Wednesday, May 11, 2016

Food Jags

We've entered a new phase in the Crozier household. It's as if my kids read ahead in the textbook and knew it was high time they each advanced to the next stage of feeding challenges. It is fitting, really, given that I have spent the last few weeks preparing to give a talk on feeding kids at a local Mothers of Preschoolers (MOPS) group. My kids like to up their game and really put me to the test whenever I am about to wear my professional hat and put on the name badge as the "expert" on feeding.

My girls have always been carb-o-vores. Pasta is their weakness and their love for it has not wavered (see my post on raising Carbohydrate Lovers). Historically, I have been able to keep them mostly satisfied by serving pasta in one form or another about once a week but recently something shifted (as things often do with kids and food) and this is how dinner has been going down:


Kids lolligag their way ever so sloooooooowly to the table only after making "just 3 more laps" around our circular floor plan on the scooter, or "quickly finishing" a sewing project that literally hasn't even been started.


First kid arrives. She's my middle one, a sensitive yet stubborn soul. She's not yet within two feet from the table before she starts wailing; "No pasta!!? Again!!?!!! We NEVER get to have pasta!!!" Waaaaaaaa. Wail. Cry.

I immediately dismiss her from the kitchen, informing her that attitudes like that are not welcome at my table and she can return when she's ready to appreciate the effort I put forth in preparing her the meal.

I enjoy a few minutes alone in front of the stove (because of course the other two have not yet made the long journey from the next room to the kitchen) and continue putting the finishing touches on dinner.

Five minutes pass, apologies are said and finally, finally I am seated at the table, with the whites of 6 little eyes starring back at me. We eat (or at least those of us who are ok with the fact that we aren't having pasta do) and that is the end of that. For that meal at least.

Welcome to our dinnertime routine, every single night this week.

Things reached a new high on Mother's Day when the boys on my husband's side treated us moms to a lovely pasta lunch after church. My kids of course were in heaven and ate their fill. I expected their ravenous appetites for pasta to be satiated at least for a couple of days but I was delusional. My middle child was just as distraught as she had been in the nights prior when I called her to dinner (only a mere handful of hours after our Mother's Day lunch) to discover, alas, WE WERE HAVING TACOS, not pasta. Such cruel parents we are.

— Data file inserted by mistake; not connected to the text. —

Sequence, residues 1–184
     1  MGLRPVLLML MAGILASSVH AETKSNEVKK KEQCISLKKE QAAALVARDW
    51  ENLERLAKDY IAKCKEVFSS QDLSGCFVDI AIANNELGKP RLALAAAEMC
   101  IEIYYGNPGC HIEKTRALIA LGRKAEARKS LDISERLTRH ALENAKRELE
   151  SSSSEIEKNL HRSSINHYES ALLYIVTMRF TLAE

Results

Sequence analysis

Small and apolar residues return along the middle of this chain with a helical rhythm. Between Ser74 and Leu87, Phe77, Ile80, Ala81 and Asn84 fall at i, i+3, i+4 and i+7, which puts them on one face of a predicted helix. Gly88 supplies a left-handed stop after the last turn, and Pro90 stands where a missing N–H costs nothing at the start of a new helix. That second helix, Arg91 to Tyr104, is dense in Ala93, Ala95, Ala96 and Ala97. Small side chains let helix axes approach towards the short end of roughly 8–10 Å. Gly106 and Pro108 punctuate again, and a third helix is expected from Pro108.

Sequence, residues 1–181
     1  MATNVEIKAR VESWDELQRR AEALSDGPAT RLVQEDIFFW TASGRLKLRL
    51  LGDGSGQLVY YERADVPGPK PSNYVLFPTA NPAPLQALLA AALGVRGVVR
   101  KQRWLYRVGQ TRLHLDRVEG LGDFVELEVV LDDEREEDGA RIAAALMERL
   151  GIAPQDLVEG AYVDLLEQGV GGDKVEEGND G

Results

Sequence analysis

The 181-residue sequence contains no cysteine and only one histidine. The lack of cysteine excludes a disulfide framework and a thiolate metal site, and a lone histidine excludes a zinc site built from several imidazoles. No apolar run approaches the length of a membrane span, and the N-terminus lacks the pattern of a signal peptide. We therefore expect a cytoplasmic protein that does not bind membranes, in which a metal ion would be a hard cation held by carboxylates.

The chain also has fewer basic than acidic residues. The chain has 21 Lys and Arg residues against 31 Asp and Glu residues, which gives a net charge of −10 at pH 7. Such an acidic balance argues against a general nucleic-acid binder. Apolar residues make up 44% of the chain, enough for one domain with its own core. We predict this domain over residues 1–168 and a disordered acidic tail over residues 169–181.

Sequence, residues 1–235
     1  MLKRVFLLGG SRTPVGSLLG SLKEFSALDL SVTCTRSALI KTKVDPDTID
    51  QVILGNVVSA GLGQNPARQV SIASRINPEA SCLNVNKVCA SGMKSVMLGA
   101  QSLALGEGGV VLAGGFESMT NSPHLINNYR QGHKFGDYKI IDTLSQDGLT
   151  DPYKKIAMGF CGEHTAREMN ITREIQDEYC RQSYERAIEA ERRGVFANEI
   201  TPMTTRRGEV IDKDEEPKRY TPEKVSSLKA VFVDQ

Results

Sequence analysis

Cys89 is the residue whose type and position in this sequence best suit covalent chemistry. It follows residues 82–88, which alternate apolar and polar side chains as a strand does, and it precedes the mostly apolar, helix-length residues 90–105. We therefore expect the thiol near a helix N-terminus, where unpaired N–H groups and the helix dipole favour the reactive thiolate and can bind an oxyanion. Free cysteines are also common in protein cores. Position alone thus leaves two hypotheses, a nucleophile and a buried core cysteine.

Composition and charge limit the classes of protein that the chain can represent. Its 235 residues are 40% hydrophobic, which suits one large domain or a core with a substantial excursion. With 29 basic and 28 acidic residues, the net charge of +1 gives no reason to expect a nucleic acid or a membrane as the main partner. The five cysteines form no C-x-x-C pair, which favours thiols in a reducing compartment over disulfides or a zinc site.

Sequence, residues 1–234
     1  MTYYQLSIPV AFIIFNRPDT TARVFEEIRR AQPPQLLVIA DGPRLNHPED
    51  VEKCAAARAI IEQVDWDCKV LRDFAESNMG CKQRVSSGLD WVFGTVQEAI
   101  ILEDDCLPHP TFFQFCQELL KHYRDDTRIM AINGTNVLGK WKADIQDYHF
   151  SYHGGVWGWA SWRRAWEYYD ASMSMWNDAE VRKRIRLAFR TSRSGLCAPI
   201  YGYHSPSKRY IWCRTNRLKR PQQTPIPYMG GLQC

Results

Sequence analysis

It finally occurred to me what it is we are facing over here - a food jag! A food jag occurs when a child desires one food item or a very small group of food items all the time and at most every meal. It can be very alarming for parents when their child who they would have previously described as a "good eater" gets stuck on one particular food. If this is happening in your house, be reassured! It's oh so very normal.

(Aside: it is also oh so very annoying).

How should one address a food jag?

The thing I recommend first and foremost is to keep yourself comfortable as the parent or caregiver by understanding this is a normal behavior in child development. It can be very frustrating, yes, but it does not mean there is anything wrong with your child.

Secondly, be considerate of your child without catering. Resist the temptation to avoid tension and give in to their requests for the same thing over and over. Keep offering them a variety of foods, focusing particularly on ones you know they have liked in the past (but don't be surprised if they reject them now). Don't eliminate the food jag item entirely but serve it on occasion and within reason. Reassure your child when they ask for their preferred food "we won't be having ______ again tonight but I promise that we will have it again soon."

Remember the Division of Responsibility in feeding (see my separate blog post on this topic). Check yourself and make sure you are only doing the jobs of the what, when and where of feeding. Let your child decide whether they choose to eat at meal and snack times. Do not worry if they choose to eat very little (or none at all!) at a mealtime. Your child will make up for it at another meal or snack.

Keep offering rejected food items. It takes multiple, multiple, MULTIPLE introductions for a child to accept a new food item. Don't give up when they turn their nose up after only one or two exposures. Set an example by eating a variety but resist the temptation to force them to try anything new.

Lastly, remind yourself this is a phase and you will get through it! You and I both. ;)

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posted by kelsie